Solar panels on JFCS’ new building help us go green
Noble Conservation Solutions donated solar panels to JFCS
In partnership with Noble Conservation Solutions, JFCS recently installed two solar systems as part of our commitment to incorporating health and environmental design elements to the Stillman Family Foundation Building. The solar PV systems add a sustainable “green” energy source to our energy supply, and save JFCS money.
Noble chose to donate the systems to JFCS. We have no cost for the systems and receive 20% of the value of the electricity that is produced for the first 13 years. Noble receives the rebates, tax incentives and partial value of the power produced to cover some of the costs of supplying and installing the solar systems. After 13 years, JFCS will become the owner of the solar systems and will then get the full financial benefits. The panels were installed this spring, and became operational in mid-June.
Larry Pepper, a former JFCS Boardmember and Business Development & Project Management for Noble Conservation Solutions, recently answered some questions about the solar panels:
How do the solar panels benefit both JFCS and the environment?
All of the electricity that is produced by the two solar arrays on the roof is used by JFCS. This reduces the amount of electricity that JFCS needs to buy and that Xcel Energy must generate with its coal, natural gas and nuclear plants. To not have to generate the energy in some far-off plant and then transmit it to your building has larger environmental and energy savings implications. Noble is honored to help JFCS be a steward of our environment and a leader by example in sustainability.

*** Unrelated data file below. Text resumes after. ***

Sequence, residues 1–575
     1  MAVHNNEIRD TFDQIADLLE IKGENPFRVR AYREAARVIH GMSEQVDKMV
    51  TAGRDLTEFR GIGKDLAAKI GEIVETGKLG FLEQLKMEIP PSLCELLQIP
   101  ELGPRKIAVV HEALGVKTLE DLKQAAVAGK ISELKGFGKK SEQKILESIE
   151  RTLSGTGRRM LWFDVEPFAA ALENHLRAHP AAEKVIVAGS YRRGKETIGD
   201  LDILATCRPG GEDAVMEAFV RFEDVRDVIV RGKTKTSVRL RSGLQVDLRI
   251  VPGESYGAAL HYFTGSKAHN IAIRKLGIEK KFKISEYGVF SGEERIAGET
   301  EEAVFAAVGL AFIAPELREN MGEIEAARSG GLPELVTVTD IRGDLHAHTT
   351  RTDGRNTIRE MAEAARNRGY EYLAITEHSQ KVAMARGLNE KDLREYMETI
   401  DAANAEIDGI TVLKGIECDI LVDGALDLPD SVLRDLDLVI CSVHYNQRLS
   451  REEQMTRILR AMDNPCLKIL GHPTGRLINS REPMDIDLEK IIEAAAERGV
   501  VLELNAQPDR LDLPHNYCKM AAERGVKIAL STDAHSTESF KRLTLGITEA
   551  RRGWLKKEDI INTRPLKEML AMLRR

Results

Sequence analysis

How much energy do the panels provide?
The panels produce a small percentage of the energy needed to run the JFCS building. The two systems produce a total of about 103,000 kilowatt hours of electricity each year. Over the first 20 years of the system, that will average about $9,500 of direct savings a year.
Do they work as well in the winter as summer?
The solar panels produce about 10-15% of their potential during our typical snowy winter due to clouds, sun angle and snow cover. The panels work very well in the cold, but the reduced sun and normal snow cover reduces the electricity generated in the winter. No one will go up and shovel off the panels in the winter. May through August is the peak time for maximum electricity production. The panels are oriented directly to the south and at an optimum angle for production and safety of the system.
Anything else you would like to add?
Myself and Lev Buslovich of Noble Conservation Solutions have long-time connections as supporters of JFCS. Noble installs solar PV systems on many for-profit and non-profit rooftops. JFCS Board member Jeremy Kalin provided important guidance to JFCS in the planning of this project. He has extensive professional experience working with solar energy and other environmental design initiatives.
For more information on Noble, visit www.noblecs.com.